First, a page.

Duckweed/HOB/Powerhead/Sponge-filter nightmare - The Planted Tank Forum
 
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post #1 of 5 (permalink) Old 06-30-2012, 03:59 PM Thread Starter
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Duckweed/HOB/Powerhead/Sponge-filter nightmare

As a preface, I've researched the absolute hell out of solutions for this, and just can't figure out where to go from here. Need some advice

So, one of the last times I went to the LFS, I was conned into taking home a large bagful of duckweed for my 55g. I'd always heard good things about it, in regard to helping regulate excess ferts and lowering nitrate levels. I had also heard the cons as in the inability to rid your tank of it, when you chose to do so.

I was running a Marineland Penguin 350 HOB filter on my 55. Hadn't even considered what this would do with the duckweed. Dropped in the duckweed and had a duckweed/confetti shower. Thought maybe it'd settle over time, that obviously didn't work. To solve this, I tried:

1. cutting out floating guards to go around the output splash from the HOB
2. tried raising the water level so that water just pushed out of the HOB
3. tried making a guard to corral the duckweed on the other side of the tank

These all worked temporarily, but never seemed to maintain. So after alot of reading and research on solutions for this, I switched to a Powerhead instead of my HOB. The powerhead I got had a prefilter attachment. This worked for about a day, then the next morning I awoke to the prefilter intake completely covered in duckweed and putting out nothing.

Started researching again.... found out I should try a sponge prefilter intake. I couldn't find one that would adapt to my powerhead, so I got some open cell foam from an Aquaclear sponge replacement. Cut it up into a good fitting rectangle around the prefilter intake. Worked great for about 3-4 days and was building some good bacteria on it, but this morning I checked the flow from the powerhead, and it wasn't putting out anything. I took off the intake prefilter, and the output increased, but I already think there has been damage done to the powerhead.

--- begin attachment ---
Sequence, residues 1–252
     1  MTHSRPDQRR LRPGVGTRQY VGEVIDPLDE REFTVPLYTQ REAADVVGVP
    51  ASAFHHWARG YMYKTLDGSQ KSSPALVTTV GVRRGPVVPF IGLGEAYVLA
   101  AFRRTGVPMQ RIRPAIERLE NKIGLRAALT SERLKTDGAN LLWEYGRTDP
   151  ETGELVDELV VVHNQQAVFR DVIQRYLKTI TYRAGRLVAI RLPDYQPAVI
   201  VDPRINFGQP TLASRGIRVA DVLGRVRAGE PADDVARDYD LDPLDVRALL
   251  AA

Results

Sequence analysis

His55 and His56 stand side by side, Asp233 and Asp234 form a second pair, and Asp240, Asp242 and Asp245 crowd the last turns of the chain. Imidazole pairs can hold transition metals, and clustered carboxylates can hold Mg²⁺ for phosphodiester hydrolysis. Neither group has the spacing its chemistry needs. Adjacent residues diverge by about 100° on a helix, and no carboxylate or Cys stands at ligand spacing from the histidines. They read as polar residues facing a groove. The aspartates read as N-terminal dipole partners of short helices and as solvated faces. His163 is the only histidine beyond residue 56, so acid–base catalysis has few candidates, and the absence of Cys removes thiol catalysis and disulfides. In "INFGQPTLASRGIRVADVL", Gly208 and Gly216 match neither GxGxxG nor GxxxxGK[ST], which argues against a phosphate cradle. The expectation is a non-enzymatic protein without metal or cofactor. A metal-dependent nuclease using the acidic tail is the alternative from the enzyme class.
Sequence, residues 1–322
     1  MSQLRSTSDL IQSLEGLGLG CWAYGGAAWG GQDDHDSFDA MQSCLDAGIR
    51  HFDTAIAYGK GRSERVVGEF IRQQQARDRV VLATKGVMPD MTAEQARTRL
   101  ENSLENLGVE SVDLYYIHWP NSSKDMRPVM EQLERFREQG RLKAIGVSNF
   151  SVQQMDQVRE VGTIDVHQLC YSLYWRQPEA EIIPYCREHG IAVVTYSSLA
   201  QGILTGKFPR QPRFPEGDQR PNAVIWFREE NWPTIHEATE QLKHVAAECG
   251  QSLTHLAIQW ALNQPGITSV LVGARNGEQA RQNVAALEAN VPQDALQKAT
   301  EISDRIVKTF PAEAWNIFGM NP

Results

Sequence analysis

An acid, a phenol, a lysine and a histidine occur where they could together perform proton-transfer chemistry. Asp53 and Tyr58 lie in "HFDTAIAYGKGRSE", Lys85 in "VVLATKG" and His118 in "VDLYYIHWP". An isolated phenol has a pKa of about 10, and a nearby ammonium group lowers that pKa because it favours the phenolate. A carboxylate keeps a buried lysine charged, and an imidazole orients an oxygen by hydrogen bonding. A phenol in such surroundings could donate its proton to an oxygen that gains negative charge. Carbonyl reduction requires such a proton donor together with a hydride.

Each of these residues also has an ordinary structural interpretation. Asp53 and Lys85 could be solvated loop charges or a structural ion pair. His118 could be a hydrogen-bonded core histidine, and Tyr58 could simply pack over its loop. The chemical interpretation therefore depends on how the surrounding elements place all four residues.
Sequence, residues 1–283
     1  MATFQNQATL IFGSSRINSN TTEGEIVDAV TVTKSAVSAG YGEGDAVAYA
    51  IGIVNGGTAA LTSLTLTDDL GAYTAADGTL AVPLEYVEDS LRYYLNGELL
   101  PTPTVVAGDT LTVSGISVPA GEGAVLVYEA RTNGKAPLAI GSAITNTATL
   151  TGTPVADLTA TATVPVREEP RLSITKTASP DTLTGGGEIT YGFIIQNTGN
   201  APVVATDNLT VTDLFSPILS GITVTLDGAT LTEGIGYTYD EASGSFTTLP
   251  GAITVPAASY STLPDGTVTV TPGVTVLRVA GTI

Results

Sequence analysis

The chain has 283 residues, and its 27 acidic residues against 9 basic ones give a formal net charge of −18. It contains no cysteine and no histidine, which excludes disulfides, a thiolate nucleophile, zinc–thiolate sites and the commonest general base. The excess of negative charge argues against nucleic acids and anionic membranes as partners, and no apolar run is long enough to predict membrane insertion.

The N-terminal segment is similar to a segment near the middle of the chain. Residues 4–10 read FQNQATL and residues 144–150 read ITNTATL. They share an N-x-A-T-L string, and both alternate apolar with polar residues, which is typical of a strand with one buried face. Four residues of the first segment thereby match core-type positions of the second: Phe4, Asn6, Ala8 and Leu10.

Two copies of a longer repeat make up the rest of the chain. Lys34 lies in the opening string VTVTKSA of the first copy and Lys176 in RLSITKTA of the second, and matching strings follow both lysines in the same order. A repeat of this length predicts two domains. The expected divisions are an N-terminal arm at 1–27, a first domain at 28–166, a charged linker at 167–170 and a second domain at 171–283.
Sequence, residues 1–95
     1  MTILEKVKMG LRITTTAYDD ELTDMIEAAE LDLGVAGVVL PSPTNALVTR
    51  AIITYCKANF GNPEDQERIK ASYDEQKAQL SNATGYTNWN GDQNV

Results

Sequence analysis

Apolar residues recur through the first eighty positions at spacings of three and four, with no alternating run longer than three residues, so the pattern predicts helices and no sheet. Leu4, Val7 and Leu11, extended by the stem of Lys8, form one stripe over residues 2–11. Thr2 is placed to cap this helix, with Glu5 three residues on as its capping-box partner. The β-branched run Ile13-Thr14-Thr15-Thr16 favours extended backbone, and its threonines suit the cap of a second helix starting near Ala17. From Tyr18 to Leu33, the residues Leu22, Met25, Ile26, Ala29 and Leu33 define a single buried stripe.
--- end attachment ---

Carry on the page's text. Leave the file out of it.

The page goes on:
So my dilemma:

1. Take out all of the duckweed and depend on my 3 water sprites and 2 anacharis for absorbing excess nutrients, and be able to put the standard prefilter attachment back on (thus maintaining patent output flow and not burning up my powerhead)..... Or

2. Trying to find another solution whilst keeping the sponge prefilter intake from ruining my powerhead.

My main concerns are losing the duckweed's "buffering" capability by removing all of it (or atleast trying to)..... or on the flipside, removing the sponge prefilter intake and not really having a filter medium for keeping good bacteria growth. Has anyone else found a way to keep the sponge over the prefilter without burning up the powerhead?

Any thoughts would be great... and sorry for the extra long read
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post #2 of 5 (permalink) Old 06-30-2012, 04:06 PM
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women stockings at the end of your filter
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post #3 of 5 (permalink) Old 06-30-2012, 04:34 PM Thread Starter
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I'd heard that as well.

My biggest concern is just crashing my tank by either removing the sponge filter and all the accompanying bacteria..... and/or removing the duckweed and that extra purifying capacity.


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post #4 of 5 (permalink) Old 06-30-2012, 10:06 PM
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I have duckweed in most of my tanks, and sponges over the intakes of filters and some power heads.